Kayaking, canoeing, and stand-up paddleboarding make for some thrilling adventures, exploring many different environments like rivers, lakes, beaches and the coastline. Prioritising safety comes first, and with the right approach, you’ll have an enjoyable experience on the water.
Here are the five key steps to stay paddle safe:

  • Always wear a buoyancy aid or personal floatation device (PFD)
  • Carry a mobile phone
  • Check the weather
  • Tell someone where you’re going
  • Know your limits

Always wear a buoyancy aid or PFD

No matter what type of kayak, canoe, paddleboard or type of water, you should always wear a buoyancy aid. They are designed to assist buoyancy in the water, keeping you afloat and supporting you if you fall in. They also have the benefit of keeping you warm.

Choose a well-fitting and visible buoyancy aid
Check out our How to choose a PFD guide here.

Carry a mobile phone

Having a way to communicate with your friends, family and the emergency services when you are out paddling is essential. Keeping the phone on you and not on your craft so you cannot be separated from your means of calling for help. Modern phones are generally waterproof, but we recommend putting your phone in a waterproof pouch or case that you can secure in a pocket or around your neck.

If you need help, call 999, and ask for:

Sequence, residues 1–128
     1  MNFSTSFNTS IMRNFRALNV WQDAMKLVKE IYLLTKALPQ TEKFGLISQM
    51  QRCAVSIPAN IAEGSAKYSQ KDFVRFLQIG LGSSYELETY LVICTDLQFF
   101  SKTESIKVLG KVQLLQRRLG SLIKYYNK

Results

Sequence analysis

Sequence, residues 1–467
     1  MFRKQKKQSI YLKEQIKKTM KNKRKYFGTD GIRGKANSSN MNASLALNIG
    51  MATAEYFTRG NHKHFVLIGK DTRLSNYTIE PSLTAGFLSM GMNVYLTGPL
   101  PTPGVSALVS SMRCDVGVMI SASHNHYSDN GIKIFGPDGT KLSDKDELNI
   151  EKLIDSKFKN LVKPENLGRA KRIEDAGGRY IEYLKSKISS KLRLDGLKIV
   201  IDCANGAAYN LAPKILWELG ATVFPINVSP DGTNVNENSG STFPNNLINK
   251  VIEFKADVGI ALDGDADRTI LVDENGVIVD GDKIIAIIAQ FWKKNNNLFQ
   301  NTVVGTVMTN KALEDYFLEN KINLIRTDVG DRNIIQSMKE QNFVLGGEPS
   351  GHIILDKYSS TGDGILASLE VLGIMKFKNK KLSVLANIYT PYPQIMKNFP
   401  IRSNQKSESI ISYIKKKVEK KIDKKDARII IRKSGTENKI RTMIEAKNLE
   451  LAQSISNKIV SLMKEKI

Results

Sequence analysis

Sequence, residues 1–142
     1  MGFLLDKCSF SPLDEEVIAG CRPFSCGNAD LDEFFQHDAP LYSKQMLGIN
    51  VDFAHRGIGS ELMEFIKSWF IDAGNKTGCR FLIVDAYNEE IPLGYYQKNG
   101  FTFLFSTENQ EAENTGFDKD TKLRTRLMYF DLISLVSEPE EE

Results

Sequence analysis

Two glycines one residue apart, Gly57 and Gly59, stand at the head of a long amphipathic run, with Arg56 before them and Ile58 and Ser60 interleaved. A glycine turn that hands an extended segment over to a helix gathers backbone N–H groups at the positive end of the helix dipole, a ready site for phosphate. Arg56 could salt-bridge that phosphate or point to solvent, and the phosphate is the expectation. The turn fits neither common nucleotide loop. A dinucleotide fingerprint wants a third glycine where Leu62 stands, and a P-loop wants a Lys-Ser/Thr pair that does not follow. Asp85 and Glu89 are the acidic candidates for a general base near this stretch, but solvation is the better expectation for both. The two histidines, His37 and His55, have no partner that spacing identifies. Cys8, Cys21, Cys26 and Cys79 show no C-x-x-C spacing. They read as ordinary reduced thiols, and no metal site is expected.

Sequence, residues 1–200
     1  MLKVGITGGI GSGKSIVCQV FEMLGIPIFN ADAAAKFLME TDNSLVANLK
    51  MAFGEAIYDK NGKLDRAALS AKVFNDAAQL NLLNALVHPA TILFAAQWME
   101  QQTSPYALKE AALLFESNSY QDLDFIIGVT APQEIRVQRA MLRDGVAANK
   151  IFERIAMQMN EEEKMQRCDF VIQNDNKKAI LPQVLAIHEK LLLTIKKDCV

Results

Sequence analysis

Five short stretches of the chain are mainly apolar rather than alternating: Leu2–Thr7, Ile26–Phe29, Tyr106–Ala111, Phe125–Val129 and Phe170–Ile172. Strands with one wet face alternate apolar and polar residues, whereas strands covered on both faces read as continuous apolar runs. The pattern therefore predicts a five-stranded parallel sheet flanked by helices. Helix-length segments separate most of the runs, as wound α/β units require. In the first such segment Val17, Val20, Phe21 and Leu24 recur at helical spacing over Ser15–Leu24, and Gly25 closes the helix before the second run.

• Fire and rescue service when inland
  • Coastguard when on tidal water

Check the weather

Weather can be unpredictable. Check the weather forecast for where you are planning to paddle and understand the effect it may have on your journey (river levels, tide times, wind direction). 

Wind, rain and also generally being wet can affect your body temperature, so understand the conditions you might face and wear the appropriate clothing – having a jacket on hand is a good idea. 

Avoid dangerous weather conditions, such as thunder, lightning, or flooding, and be prepared to change your plans to stay safe. Offshore winds in particular can be very dangerous and should be avoided.

Useful weather apps – Met Office, Windy app, My tide times, River app
Check out our Awesome apps for paddlers blog post here.

Tell someone where you’re going

Let someone know where you are going and what time you expect to be back. Ask them to call for help if you are not back when expected.

Some useful paddlers tracking and location apps are:

  • PaddleLogger / RYA Safetrix
  • What3Words
  • OS Locate

Know your limits

It’s easy to get into difficulty and sometimes it’s hard to know when to stop; or even when not to start in the first place. Recognise your and your paddling buddies’ ability and expertise. Make smart decisions on the day that everyone agrees with.

Think about where you paddle and make sure you know how the location can change in different conditions. Never paddle alone, always paddle with others.

Build up your skills beforehand and gain confidence – try a course.